Use of Force: TASER
Over the past few years, the use of Tasers (electronic restraining/compliance device) has become more common among law enforcement agencies nationwide. As the use of Tasers becomes more prevalent, law enforcement agencies can expect claims to be made regarding their use. As with any use of force, courts will look at three factors in determining if a particular use of force is objectively reasonable. First, how serious was the offense that the officer suspected at the time the officer was in contact with the individual; second, did the suspect pose an active threat to the officer or others; and third, was the suspect actively resisting or attempting to evade arrest by flight. These three factors, announced in Graham v. Connor, 490 U.S. 386 (1989), are the basis for judging all uses of force during arrest. Law enforcement officers would be well-advised to consider these three factors in determining whether or how much force is appropriate in any given circumstance.
Draper v. Reynolds, 369 F.3d 1270 (11th Cir. 2004) which involved the use of a Taser exemplifies how a court will review this type of force. Stacy Draper filed a lawsuit against Deputy Clinton Reynolds alleging a civil rights violation arising out of a motor vehicle stop and his arrest, during which Deputy Reynolds used a Taser on Draper. The reason for the initial stop was an improperly illuminated registration plate light.
In his lawsuit Draper alleged that Reynolds shined a flashlight in his eyes during a traffic stop and he politely asked Reynolds to refrain from doing so. The initial contact between Reynolds and Draper took place at the side of Draper’s truck and could not be seen on the police cruiser’s video recorder. Their initial conversation could not be heard on Reynolds’s audio recorder either. Draper alleged that Deputy Reynolds used harsh language in this initial contact at the side of the truck.
Deputy Reynolds then ordered Draper to come to the back of his truck. At that point all activity and all audio were recorded by the police vehicle’s equipment. The tape showed an uncooperative and belligerent Draper who refused to comply with several polite commands by Deputy Reynolds to produce paperwork from the truck. As many as five times Draper would start toward the truck to retrieve the paperwork, but then would turn and return toward Deputy Reynolds in what Reynolds described as a “threatening” manner which put Reynolds on “the defensive.” On the fifth occasion, with Draper yelling and returning toward Reynolds, the deputy discharged his Taser at Draper’s chest. Draper fell to the ground, was handcuffed and taken into custody. In his allegation of excessive force, Draper alleged that if Deputy Reynolds had simply informed him that he was under arrest he would have complied, thus there was no need to employ the Taser.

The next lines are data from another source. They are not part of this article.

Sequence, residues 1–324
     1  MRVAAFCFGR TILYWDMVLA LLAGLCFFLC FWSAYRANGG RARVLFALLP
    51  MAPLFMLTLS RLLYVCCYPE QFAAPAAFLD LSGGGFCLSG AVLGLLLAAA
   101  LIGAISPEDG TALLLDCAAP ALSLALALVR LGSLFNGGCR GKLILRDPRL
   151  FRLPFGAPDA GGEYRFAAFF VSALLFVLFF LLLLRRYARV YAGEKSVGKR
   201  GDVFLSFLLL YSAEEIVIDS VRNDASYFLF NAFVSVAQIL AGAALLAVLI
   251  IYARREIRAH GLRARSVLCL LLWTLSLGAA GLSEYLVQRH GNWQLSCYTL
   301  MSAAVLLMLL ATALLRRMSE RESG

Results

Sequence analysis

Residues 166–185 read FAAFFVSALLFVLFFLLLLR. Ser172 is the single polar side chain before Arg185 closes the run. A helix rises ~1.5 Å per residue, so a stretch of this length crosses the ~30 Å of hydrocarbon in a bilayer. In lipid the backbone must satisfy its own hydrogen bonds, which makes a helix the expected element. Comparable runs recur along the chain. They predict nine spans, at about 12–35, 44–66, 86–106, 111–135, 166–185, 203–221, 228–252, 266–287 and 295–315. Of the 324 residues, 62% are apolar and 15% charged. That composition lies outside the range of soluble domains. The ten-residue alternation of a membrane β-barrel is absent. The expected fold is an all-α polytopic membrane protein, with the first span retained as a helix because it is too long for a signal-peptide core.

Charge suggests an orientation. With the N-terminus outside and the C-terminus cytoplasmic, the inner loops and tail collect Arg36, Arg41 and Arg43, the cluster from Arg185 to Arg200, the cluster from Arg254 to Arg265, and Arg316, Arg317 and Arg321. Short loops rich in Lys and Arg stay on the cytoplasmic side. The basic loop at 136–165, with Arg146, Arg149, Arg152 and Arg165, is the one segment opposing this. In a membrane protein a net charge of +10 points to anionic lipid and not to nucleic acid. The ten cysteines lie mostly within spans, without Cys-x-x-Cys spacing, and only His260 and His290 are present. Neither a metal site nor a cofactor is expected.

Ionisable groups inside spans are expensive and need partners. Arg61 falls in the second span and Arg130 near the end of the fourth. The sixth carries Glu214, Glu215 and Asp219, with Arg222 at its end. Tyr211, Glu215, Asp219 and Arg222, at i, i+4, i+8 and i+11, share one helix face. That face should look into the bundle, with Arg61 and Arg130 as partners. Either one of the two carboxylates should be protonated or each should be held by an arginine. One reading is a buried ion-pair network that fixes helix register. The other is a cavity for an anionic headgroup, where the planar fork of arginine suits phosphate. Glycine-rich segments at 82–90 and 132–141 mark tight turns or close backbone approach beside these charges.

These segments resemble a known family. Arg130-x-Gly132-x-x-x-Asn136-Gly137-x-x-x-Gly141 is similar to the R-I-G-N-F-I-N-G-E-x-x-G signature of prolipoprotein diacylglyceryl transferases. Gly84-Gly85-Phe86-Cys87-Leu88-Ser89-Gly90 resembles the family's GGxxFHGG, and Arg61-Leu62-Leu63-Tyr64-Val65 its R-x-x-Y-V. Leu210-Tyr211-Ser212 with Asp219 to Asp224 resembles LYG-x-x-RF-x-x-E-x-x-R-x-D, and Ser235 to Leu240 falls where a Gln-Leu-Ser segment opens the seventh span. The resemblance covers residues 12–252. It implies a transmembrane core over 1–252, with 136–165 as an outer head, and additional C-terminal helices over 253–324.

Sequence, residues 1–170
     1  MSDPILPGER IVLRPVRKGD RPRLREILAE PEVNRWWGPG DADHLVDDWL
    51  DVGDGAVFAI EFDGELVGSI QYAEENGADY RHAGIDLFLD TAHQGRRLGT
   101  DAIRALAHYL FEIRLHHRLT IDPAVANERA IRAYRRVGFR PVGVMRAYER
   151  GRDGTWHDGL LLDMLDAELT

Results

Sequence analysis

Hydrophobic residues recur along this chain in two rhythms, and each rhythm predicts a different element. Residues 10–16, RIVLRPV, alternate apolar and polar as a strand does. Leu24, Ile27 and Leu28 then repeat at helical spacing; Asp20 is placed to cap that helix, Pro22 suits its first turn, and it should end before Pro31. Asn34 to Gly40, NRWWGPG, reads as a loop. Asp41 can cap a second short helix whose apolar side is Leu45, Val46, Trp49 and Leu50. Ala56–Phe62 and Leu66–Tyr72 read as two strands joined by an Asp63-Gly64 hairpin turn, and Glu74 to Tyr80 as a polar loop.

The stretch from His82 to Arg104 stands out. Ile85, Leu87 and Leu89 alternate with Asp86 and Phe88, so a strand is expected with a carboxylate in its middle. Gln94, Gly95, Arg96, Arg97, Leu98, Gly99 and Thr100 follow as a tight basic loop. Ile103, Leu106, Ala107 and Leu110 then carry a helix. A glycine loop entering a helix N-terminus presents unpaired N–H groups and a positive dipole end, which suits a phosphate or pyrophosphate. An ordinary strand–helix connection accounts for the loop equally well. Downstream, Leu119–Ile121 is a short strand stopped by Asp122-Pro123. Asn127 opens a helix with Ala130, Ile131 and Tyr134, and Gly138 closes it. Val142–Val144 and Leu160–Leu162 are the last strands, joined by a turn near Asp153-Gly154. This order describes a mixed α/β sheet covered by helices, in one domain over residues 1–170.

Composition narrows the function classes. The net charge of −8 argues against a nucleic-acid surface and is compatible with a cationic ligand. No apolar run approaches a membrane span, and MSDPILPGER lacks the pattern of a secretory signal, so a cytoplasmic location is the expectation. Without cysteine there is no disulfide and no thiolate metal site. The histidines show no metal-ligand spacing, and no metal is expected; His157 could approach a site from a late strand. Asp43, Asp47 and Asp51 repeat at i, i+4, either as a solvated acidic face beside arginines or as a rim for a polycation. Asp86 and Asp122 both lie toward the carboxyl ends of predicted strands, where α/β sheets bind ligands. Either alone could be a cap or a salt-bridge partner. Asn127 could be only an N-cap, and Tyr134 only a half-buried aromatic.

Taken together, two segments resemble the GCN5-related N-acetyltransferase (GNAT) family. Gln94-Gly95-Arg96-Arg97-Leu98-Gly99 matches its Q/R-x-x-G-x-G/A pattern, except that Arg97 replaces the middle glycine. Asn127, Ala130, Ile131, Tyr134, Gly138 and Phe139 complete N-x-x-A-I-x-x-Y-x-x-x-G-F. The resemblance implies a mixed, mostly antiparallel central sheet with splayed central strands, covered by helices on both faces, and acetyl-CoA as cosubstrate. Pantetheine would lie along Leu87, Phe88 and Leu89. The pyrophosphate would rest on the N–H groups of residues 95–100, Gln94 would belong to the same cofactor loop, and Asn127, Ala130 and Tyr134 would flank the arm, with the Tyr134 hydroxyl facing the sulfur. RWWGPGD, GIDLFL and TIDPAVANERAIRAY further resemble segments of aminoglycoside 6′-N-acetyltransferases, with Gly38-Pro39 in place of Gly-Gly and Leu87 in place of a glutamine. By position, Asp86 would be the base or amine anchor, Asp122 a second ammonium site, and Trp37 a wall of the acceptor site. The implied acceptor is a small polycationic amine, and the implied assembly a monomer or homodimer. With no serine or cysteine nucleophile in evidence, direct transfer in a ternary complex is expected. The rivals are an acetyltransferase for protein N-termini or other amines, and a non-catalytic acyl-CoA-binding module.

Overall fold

In rejecting Draper’s claim of excessive force the court held: “Reynolds’s use of the Taser gun effectuate the arrest of Draper was reasonably proportionate to the difficult, tense and uncertain situation that Reynolds faced in this traffic stop, and did not constitute excessive force. From the time Draper met Reynolds at the back of the truck, Draper was hostile, belligerent, and uncooperative…Draper used profanity, moved around and paced in agitation, and repeatedly yelled at Reynolds.” The court noted that a verbal arrest command and attempt to handcuff such a hostile individual as Draper may have escalated the situation into a “serious physical struggle” which was avoided by the use of the Taser.
Roll-Call Training/Use of Force:
Officers should be reminded that all uses of force will be judge in accordance with three factors:
Serious of Offense Suspected
Active Threat to the Officer or Others who are Present
Active Resistance or Attempt to Evade Arrest by Flight
Officers should consider these three factors in determining whether use of force is appropriate as well as determining the level of force that will be justified.
Officers should articulate all uses of force in accordance with the three factors listed above.
Hypothetical: Officer Dibble suspects Harry Gashat of committing a robbery by threatening a store clerk with a tire iron. When Dibble approaches Gashat he runs. Dibble observes that Gashat is in possession of the tire iron. When Dibble finally catches up to Gashat, Gashat drops the tire iron, but physically resists Dibble’s attempt at handcuffing him. Dibble uses his Taser to control Gashat.
Utilizing the hypothetical have the officer’s explain the use of the Taser in terms of the three factor test:
Tire Iron and Resistance-Active Threat